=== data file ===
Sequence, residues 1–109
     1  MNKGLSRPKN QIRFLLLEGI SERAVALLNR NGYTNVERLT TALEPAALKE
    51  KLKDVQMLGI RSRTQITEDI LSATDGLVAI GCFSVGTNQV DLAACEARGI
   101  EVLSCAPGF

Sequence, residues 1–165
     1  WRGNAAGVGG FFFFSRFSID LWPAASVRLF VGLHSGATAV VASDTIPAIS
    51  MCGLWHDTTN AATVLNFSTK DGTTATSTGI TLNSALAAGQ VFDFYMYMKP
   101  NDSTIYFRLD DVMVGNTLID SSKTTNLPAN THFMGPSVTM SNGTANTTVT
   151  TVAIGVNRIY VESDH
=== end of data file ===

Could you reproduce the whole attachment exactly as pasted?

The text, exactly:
Sequence, residues 1–109
     1  MNKGLSRPKN QIRFLLLEGI SERAVALLNR NGYTNVERLT TALEPAALKE
    51  KLKDVQMLGI RSRTQITEDI LSATDGLVAI GCFSVGTNQV DLAACEARGI
   101  EVLSCAPGF

Sequence, residues 1–165
     1  WRGNAAGVGG FFFFSRFSID LWPAASVRLF VGLHSGATAV VASDTIPAIS
    51  MCGLWHDTTN AATVLNFSTK DGTTATSTGI TLNSALAAGQ VFDFYMYMKP
   101  NDSTIYFRLD DVMVGNTLID SSKTTNLPAN THFMGPSVTM SNGTANTTVT
   151  TVAIGVNRIY VESDH